Sydney airport staff sleeping in "Third World conditions"

Stuck in squalor because the trip home is too expensive between split shifts.

By Kate Wagner

Aviation staff at Sydney airport are forced to sleep in “Third World conditions” while waiting for their next shift.

Footage obtained by 7.30 shows squalid, makeshift beds in the employee-only section behind the carousel.

The split shifts most employees work mean it isn’t worth their while, neither financially nor time wise, to go home in the gap - which means some are there for more than 14 hours a day for a fraction of the pay.

Those who work for Aerocare, a company which provides ground support to major airlines like Qantas and Jetstar, described sleep-deprived staff watch a fully loaded Tiger Air passenger plane in Brisbane prepare for takeoff with a cargo door mistakenly left open.

Despite fears he’d lose his job, driver George Orsaris discussed the poor working conditions with 7.30.

"We get pushed to our limits. Our pay doesn't match it. We don't get rest breaks and we get given a four-hour shift in the morning and then we have a four-or-five-hour break and get a four-hour shift in the afternoon," he told the program.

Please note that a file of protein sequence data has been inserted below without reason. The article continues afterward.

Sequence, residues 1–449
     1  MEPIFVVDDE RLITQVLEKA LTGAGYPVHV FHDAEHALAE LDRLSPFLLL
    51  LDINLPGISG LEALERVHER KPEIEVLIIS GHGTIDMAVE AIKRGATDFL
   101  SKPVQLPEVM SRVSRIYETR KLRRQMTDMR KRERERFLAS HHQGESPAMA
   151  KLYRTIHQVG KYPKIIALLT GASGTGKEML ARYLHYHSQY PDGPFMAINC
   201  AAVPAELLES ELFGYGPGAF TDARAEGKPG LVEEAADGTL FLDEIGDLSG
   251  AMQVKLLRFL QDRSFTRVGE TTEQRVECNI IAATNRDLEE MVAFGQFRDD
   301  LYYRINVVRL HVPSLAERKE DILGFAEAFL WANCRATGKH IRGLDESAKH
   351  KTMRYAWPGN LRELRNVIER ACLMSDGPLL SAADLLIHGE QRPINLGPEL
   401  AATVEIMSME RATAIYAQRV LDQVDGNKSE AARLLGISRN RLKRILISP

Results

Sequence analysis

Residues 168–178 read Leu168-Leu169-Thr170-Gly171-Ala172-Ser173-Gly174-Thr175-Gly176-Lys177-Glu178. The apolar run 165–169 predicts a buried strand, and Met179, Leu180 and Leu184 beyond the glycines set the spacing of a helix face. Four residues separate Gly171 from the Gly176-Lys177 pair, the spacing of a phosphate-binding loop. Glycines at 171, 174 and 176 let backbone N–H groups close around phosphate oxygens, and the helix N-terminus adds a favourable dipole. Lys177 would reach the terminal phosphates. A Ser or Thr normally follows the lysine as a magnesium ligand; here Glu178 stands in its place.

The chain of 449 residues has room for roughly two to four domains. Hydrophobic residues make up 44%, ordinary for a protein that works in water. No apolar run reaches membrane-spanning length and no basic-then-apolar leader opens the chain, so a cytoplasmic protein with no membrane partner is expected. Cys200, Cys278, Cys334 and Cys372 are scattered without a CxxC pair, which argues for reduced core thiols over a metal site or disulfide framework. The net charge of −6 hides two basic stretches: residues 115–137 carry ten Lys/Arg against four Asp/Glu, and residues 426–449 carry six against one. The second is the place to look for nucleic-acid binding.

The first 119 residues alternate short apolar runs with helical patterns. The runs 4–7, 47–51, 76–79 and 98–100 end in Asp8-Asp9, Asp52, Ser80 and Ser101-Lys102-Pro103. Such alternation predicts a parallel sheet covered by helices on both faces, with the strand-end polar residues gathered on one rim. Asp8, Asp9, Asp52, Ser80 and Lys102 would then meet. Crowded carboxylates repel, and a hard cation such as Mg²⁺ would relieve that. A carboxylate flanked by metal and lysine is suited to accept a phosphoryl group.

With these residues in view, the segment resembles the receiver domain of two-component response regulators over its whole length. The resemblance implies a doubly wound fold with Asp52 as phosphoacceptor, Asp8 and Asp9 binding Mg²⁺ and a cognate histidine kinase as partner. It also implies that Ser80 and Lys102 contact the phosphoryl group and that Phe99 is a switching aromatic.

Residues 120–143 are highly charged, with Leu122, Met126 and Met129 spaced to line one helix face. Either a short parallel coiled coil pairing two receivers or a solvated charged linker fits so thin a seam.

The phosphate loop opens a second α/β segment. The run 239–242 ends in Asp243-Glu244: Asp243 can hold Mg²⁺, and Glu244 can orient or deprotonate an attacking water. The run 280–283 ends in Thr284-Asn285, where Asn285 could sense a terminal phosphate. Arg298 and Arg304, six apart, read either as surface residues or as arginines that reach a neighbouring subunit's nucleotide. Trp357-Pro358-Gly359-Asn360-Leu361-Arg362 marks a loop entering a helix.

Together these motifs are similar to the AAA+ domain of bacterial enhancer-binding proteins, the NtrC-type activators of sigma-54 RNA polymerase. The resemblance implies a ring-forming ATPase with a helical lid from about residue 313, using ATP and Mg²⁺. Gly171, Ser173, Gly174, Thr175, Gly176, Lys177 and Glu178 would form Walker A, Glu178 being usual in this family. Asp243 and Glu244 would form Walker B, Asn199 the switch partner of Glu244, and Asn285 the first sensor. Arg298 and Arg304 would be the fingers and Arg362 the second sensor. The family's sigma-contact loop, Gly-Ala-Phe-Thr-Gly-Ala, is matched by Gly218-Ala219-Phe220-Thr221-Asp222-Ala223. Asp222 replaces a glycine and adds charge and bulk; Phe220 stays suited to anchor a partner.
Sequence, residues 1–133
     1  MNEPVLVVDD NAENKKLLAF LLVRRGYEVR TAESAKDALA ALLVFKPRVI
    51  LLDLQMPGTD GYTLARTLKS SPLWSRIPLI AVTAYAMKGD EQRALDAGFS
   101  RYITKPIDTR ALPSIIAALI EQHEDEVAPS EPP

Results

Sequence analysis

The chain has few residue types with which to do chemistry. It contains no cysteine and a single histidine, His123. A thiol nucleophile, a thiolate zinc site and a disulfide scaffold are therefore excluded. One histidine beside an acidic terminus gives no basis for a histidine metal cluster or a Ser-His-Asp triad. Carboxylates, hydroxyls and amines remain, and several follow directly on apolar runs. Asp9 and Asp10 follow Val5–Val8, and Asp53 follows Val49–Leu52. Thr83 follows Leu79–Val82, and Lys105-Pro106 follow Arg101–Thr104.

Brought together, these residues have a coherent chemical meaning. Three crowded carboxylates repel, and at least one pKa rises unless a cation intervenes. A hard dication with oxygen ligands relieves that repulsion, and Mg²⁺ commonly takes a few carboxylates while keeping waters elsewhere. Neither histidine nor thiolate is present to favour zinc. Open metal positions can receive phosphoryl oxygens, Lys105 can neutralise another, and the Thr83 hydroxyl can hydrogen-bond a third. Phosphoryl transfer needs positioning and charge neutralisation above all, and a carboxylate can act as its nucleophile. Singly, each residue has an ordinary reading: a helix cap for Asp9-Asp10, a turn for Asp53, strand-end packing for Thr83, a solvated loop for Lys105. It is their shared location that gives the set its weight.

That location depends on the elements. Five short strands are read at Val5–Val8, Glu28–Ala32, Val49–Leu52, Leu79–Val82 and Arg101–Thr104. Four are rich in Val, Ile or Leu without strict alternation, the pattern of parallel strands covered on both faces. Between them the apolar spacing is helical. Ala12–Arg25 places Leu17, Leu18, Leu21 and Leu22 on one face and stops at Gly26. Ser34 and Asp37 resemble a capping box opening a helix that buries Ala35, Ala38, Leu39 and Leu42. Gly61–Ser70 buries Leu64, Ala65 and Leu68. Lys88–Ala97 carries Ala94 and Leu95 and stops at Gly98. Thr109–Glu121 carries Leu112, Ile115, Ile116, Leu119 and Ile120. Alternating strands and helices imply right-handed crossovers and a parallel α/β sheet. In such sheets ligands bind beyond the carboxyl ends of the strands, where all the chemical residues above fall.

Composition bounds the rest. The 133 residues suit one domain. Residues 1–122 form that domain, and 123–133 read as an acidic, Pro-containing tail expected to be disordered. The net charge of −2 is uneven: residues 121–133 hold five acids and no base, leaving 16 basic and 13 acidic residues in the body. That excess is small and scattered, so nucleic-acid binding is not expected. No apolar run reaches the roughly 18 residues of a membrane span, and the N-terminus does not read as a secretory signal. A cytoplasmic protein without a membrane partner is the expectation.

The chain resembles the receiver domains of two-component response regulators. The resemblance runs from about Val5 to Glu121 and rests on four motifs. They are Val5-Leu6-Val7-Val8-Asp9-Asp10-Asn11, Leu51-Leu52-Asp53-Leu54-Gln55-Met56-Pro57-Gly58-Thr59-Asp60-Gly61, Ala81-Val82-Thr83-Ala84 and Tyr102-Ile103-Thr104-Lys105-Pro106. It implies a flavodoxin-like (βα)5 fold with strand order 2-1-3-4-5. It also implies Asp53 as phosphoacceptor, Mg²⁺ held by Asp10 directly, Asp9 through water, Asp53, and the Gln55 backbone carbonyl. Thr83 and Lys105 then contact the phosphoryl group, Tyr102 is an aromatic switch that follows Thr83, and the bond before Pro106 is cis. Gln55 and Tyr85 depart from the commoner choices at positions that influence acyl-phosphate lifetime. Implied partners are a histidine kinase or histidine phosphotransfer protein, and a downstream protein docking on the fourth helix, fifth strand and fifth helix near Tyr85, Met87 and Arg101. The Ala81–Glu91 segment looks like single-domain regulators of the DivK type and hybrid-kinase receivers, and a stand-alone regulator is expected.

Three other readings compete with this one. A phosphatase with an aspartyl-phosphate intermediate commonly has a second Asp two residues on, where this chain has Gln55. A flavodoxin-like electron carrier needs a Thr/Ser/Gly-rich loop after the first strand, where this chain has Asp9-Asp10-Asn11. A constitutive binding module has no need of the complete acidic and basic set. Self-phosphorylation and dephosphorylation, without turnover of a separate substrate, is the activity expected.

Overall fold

“It’s filthy, it’s cold, it’s dark - it’s just absolutely horrible,”

“It’s definitely not conditions that people in this day and age, especially in Australia, [expect] are going on here. It’s unthinkable,” he said.

With staff earning as little as $1500 a month, “They can’t afford the fuel or the tolls,” Transport Workers Union spokesman Tony Sheldon said.

A former worker, Jason, said the safety standards were suffering because Aerocare employees were being paid so poorly they "didn't care about their jobs".

Aerocare has rejected the accusations of poor treatment, saying they’ve “invested millions of dollars to improve the quality of its rostering so as to maximise the duration of shifts, with the goal of securing more contracts which would enable Aerocare to offer employees longer shifts and further viable fulltime positions.”

Aerocare chief executive Glenn Rutherford says he was unaware of employees sleeping in the baggage holding area, saying they have access to their own lounge, but the company will investigate the claims.

The TWU is currently in talks with Aerocare about a new pay deal and extending minimum shift hours from three to four hours.

  • Author: Kate Wagner